The volume is going to be approximately the length of the curve times the area of the cross-section, which in this case is a circle (pi*r^2).

The actual math involved in defining the shape, and calculating the exact volume might be kind of tricky.

If you actually have one of these pipe fittings in your possession, you could directly measure the interior volume by filling it up with something, like water, or sand. Then you take out the water or sand, and measure it with your volume measuring tool, aka "measuring cup".

Since a neato principle of water is that 10 ml of water equals 1 cc... (oh gawd.,..I'm going on memory here...you'd better check the accuracy of that last statement!)

B) measure the amount of liquid from step A in ml. From ml, convert to cubic centimeters. from cc convert to cubic inches.

If you want to make calculations, try a good geometry text or find a boiler-makers or sheet metal fitters instruction book at the library and look in it for the calculations. Otherwise, you have to try to find the center path (try averaging the inner and outer curves of the bend) and multiplying by the area of the pipe.

<kicks self in buttox for not remembering correctly

thanks. I figured I'd made a mistake, since my aged brain is foggy and scattered at times.

Now if I could only go back and edit my original post so as to cover up my mistake and keep that illusion of infinite wisdom from the leetle green man going... ;-)

The volume is going to be approximately the length of the curve times the area of the cross-section, which in this case is a circle (pi*r^2).

The actual math involved in defining the shape, and calculating the exact volume might be kind of tricky.

If you actually have one of these pipe fittings in your possession, you could directly measure the interior volume by filling it up with something, like water, or sand. Then you take out the water or sand, and measure it with your volume measuring tool, aka "measuring cup".

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Don't ask RavingMad unless you want the answer calculated to the nearest square firkin per fathom.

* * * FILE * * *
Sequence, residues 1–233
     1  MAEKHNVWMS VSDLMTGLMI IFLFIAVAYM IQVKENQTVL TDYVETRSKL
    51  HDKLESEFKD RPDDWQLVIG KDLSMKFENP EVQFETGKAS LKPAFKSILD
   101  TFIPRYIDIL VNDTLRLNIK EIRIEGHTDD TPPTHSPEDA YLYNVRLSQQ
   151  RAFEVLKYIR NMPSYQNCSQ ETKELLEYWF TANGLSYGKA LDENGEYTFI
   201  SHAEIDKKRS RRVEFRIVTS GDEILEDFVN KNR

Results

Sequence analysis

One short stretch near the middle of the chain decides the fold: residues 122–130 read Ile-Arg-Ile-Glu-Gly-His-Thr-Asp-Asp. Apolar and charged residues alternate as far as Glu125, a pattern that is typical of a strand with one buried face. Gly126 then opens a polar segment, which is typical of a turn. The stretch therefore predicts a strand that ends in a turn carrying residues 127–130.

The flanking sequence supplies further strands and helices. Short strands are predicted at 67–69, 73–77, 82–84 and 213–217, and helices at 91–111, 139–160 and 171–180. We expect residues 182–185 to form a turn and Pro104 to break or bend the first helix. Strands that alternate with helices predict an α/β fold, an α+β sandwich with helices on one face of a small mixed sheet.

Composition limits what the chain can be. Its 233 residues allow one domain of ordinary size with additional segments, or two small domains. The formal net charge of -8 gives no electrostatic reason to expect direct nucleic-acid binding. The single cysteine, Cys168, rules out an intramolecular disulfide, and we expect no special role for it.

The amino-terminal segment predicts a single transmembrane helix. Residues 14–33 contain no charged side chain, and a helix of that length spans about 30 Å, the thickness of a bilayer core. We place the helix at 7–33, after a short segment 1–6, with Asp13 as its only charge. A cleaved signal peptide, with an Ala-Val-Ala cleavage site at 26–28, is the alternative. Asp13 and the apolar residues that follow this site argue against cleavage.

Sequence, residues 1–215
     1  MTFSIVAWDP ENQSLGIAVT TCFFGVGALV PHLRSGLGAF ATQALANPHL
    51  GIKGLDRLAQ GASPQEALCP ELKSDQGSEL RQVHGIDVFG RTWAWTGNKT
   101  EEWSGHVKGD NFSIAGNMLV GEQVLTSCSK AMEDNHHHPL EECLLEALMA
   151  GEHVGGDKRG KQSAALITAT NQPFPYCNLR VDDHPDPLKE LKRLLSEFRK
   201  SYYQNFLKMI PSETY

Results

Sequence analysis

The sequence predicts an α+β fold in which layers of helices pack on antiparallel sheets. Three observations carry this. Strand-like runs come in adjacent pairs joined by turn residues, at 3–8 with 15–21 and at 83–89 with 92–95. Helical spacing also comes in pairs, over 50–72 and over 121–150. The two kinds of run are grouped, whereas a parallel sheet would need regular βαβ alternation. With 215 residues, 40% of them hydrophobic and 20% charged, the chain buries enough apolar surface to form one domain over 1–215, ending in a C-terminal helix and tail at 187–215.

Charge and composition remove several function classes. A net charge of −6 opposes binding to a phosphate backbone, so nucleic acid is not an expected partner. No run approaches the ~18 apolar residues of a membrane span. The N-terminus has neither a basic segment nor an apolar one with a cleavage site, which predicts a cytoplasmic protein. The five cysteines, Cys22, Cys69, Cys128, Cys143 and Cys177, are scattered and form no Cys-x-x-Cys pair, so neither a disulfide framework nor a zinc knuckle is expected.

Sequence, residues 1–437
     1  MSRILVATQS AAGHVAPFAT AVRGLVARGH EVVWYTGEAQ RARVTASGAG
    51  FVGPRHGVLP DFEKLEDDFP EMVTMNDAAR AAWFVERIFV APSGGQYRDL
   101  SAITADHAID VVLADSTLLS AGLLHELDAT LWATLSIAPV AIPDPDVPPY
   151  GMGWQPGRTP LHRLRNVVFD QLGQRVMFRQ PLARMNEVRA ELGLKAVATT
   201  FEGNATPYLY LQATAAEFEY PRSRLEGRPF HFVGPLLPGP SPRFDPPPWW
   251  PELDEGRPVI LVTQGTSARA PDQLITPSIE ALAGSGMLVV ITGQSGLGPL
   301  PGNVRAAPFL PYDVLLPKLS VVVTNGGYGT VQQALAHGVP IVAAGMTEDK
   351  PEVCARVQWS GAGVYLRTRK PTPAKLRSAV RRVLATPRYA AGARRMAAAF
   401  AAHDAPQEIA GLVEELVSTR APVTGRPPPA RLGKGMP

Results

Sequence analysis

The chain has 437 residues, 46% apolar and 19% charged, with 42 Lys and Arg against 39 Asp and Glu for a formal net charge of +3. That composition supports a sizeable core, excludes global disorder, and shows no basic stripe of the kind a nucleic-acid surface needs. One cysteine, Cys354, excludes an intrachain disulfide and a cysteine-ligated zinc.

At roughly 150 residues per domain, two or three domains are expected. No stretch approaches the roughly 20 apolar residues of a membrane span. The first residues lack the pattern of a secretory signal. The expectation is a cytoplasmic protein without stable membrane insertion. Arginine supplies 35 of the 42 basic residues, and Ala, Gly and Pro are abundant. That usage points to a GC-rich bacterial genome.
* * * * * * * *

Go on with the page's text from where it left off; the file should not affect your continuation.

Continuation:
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Lol...or have him tell you to use a hall effect sensor to measure the volume

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A) Fill it with water.

Since a neato principle of water is that 10 ml of water equals 1 cc...

(oh gawd.,..I'm going on memory here...you'd better check the accuracy of that last statement!)

B) measure the amount of liquid from step A in ml. From ml, convert to cubic centimeters. from cc convert to cubic inches.

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1ml = 1 cc

If you want to make calculations, try a good geometry text or find a boiler-makers or sheet metal fitters instruction book at the library and look in it for the calculations. Otherwise, you have to try to find the center path (try averaging the inner and outer curves of the bend) and multiplying by the area of the pipe.

Select as Best AnswerUndo Best Answer

<kicks self in buttox for not remembering correctly

thanks. I figured I'd made a mistake, since my aged brain is foggy and scattered at times.

Now if I could only go back and edit my original post so as to cover up my mistake and keep that illusion of infinite wisdom from the leetle green man going... ;-)

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